Ratios look like fractions and are related to fractions,
but they don’t quack like fractions. Whereas a fraction describes
a part of a whole, a ratio compares one part to another part.
A ratio can be written in a variety of ways. Mathematically,
it can appear as 3/
1 or as 3:1.
In words, it would be written out as the ratio of 3 to 1.
Each of these three forms of the ratio 3:1 mean the
same thing, that there are three of one thing for every one
of another. If you have three red alligators and one blue alligator,
then you would have a ratio of 3:1 for red alligators
to blue alligators. For the SAT, you must remember that ratios compare parts
to parts rather than parts to a whole. Why do you have to
remember that? Because of questions like this:
every 40 games a baseball team plays, it loses 12 games. What is
the ratio of the team’s losses to wins?
The question says that the team loses 12 of
every 40 games, but it asks you for the ratio of losses
to wins, not losses to games.
So the first thing you have to do is find out how many games the
team wins in 40 games:
The team wins 28 games for every 40.
So for every 12 losses, the team wins 28 games,
for a ratio of 12:28. You can reduce this ratio by
dividing both sides by 4 to get 3 losses
for every 7 wins, or 3:7. Answer C is
correct. If you didn’t realize that the losses to games was a part
to whole, you might have just reduced the ratio 12:40 to 3:10,
and then chosen answer A. And there is no question
that on ratio problems, the SAT will include an incorrect part: whole answer
to try to trip you up.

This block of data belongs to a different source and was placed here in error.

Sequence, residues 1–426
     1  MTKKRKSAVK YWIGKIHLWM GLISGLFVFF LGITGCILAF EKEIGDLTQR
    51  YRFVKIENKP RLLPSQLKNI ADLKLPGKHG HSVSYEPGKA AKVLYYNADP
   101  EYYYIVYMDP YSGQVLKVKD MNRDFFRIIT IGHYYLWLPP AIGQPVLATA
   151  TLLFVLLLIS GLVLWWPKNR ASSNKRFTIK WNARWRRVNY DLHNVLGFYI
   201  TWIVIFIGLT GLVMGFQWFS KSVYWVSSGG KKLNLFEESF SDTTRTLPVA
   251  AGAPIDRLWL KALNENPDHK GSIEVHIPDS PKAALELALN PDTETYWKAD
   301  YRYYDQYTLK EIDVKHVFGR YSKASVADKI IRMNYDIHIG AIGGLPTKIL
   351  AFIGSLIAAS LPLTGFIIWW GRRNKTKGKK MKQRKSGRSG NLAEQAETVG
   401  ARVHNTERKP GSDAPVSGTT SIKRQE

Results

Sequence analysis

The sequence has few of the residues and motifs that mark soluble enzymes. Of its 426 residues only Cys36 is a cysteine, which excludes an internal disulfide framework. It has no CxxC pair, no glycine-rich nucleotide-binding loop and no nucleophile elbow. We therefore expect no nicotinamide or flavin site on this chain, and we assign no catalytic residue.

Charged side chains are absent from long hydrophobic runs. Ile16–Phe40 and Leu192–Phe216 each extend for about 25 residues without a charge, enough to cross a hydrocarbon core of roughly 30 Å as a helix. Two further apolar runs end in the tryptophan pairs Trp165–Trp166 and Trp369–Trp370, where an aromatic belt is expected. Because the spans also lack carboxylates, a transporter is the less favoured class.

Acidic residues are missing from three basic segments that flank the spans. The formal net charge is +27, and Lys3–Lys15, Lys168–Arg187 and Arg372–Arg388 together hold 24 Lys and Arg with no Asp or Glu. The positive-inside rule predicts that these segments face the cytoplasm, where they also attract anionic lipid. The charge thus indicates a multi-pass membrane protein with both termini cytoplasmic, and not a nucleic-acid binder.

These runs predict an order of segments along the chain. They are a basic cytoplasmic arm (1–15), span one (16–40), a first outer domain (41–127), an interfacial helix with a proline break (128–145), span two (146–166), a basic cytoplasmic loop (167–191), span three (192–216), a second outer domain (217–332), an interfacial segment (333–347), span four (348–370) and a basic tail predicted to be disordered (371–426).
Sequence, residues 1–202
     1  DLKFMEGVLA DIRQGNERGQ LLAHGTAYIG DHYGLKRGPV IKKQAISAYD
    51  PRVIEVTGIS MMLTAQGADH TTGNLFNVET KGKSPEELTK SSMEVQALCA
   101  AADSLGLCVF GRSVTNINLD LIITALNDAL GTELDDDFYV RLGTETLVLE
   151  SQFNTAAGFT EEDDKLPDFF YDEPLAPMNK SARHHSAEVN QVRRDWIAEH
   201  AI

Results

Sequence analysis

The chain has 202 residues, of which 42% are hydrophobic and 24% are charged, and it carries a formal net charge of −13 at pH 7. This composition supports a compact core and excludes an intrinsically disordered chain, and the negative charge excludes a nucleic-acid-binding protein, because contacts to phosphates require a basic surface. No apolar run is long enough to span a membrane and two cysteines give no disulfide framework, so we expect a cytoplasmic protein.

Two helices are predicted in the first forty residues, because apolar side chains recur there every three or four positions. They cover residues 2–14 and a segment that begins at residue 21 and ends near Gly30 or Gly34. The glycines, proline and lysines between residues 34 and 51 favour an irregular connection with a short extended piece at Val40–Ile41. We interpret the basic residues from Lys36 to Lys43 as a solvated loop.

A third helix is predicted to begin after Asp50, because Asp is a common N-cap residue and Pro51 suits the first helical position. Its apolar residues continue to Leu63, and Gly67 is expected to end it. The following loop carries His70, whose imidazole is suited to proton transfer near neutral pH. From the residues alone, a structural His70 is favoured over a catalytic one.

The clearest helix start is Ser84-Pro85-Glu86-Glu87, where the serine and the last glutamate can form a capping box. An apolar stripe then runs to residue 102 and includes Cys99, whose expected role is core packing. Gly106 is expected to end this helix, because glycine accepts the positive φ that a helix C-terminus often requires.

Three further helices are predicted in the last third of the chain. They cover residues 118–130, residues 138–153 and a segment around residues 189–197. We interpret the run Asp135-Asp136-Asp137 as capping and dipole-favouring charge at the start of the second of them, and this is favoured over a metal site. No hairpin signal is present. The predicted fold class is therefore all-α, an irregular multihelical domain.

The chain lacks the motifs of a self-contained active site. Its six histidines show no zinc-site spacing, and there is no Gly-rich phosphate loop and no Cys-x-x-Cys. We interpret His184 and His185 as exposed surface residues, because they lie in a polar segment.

Just because you have a ratio of three red
alligators to one blue alligator doesn’t mean that
you can only have three red alligators
and one blue one. It could also mean that you have
six red and two blue alligators or that
you have 240 red and 80 blue alligators.
Ratios compare only relative magnitude. In order
to know how many of each color alligator you actually have, in addition
to knowing the ratios, you also need to know how many total alligators
The SAT often asks questions testing your ability to figure
out an answer based on the ratio between items and the total number
of all items:
has red, blue, and green marbles in the ratio of 5:4:3, and he has
a total of 36 marbles. How many blue marbles does Egbert have?
For each group of 5 red marbles, you have
a group of 4 blue marbles and a group of 3 green
marbles. The ratio therefore tells you that out of every 12 marbles
(since 5 + 4 + 3 = 12), 4 marbles will
The question also tells you that you have 36 total
marbles, and since the ratio of blue marbles to total marbles will
not change no matter how many marbles you have,
you can solve this problem by setting up a proportion, which is
an equation that states that two ratios are equal. In this case,
you can set equal 4:12 and x:36, with x standing
in for the number of blue marbles that you’d have out of a total
of 36. To do math with proportions, it’s most useful
to set up proportions in fractional form:
Now isolate x by cross-multiplying,
and then you can solve.